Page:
U.S. farmers dreaming of record corn cropU.S. farmers are eyeing a record corn crop this year, NPR reports.

Though the 2012 corn harvest is still in its development phase, farmers across the nation are hoping for a bumper crop this year. Favorable weather conditions, including a mild spring and precipitous uptick in planting have helped fuel prospects about this fall's harvest, according to the news provider.

According to new data, the Great Depression was the last time farmers planted as heavily as they did this year. Agricultural technologies have significantly improved since then, further bolstering hopes of a record yield. Bill Couser, a farmer in Nevada, Iowa, told NPR the signs of a healthy corn harvest are mounting.

"This corn crop will knock your socks off, if all the stars line up and the good Lord gives us that blessing," he said. "You can just start seeing everything kinda poppin' up through."

A robust harvest would bring a windfall to U.S. farmers, as global demand for the grain has soared over the past decade. U.S. subsidies supporting the domestic ethanol industry have further supported the spike in corn prices, experts assert. Still, a jump in U.S.-produced corn could have a significant impact on prices.

In an effort to earn a piece of what could be record earnings, farmers have increased their planting at twice the rate of an average year. According to NPR, more than half of the U.S. crop this year is already planted, a move that carries risks but could prove profitable over the course of 2012, noted Paul Bertels, an economist with the National Corn Growers Association.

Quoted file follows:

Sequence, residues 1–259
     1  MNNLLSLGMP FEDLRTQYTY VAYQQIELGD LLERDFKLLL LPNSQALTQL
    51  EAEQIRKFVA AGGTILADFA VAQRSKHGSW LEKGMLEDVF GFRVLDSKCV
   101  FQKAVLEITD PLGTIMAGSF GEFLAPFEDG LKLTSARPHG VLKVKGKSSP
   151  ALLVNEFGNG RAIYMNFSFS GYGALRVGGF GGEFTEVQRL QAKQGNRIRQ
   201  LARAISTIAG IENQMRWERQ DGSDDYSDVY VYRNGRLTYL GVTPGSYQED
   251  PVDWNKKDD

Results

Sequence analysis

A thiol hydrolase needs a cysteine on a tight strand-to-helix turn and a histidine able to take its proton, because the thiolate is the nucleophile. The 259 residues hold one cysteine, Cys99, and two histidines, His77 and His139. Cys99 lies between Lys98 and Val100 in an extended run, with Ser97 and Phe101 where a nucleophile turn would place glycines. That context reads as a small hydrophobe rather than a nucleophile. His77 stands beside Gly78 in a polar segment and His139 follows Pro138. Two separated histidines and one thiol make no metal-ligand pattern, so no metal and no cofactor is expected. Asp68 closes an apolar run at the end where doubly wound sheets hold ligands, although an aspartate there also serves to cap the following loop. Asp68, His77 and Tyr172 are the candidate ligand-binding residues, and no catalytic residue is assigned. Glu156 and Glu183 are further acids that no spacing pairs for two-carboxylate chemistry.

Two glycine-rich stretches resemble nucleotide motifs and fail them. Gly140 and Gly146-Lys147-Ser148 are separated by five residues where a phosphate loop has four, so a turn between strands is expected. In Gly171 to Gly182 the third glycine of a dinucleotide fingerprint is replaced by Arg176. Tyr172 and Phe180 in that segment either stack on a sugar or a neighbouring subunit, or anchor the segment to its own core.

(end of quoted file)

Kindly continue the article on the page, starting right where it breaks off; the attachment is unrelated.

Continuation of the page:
"The sooner you get the crop in – provided you don't have a cold snap – you'll actually get that plant through pollination before the real heat of the summer," he said.

Some farmers have had to scrap cost savings plans as they increased corn planting. While they are bullish on this year's harvest, a marked jump in supplies could satiate demand, ultimately driving prices lower. Couser and other farmers are aware of such risks, but for many, the allure of record profits eclipses their worries.

Experts are largely optimistic, though, in this year's bumper crop. A number of agriculture economists affirm that even if a record harvest were to cause prices to fall, the revenue generated through excess inventory would mitigate such effects. What's more, worldwide demand for food is only going to continue to climb as nations such as Brazil, Russia, India and China (BRIC), along with other developing regions of the globe, experience rapid population growth.

More importantly, a drop in corn prices by $1 per bushel would afford businesses and other nations increased purchasing power. Food companies have struggled to contend with soaring raw materials costs over the past few years, according to industry analysts, and falling corn prices would bolster profitability.

While food giants such as Kraft have had to implement cost reduction initiatives as they pursued earnings growth, a fall in direct material costs would benefit their overall business strategy.

On the Chicago Board of Trade on Thursday, corn futures for July delivery fell 3.25 percent to $5.87 per bushel. Prices have flirted with record levels over the course of the past year. As recently as the mid-2000s, corn prices hovered between $2 and $3 per bushel, underscoring how demand and prices have soared.

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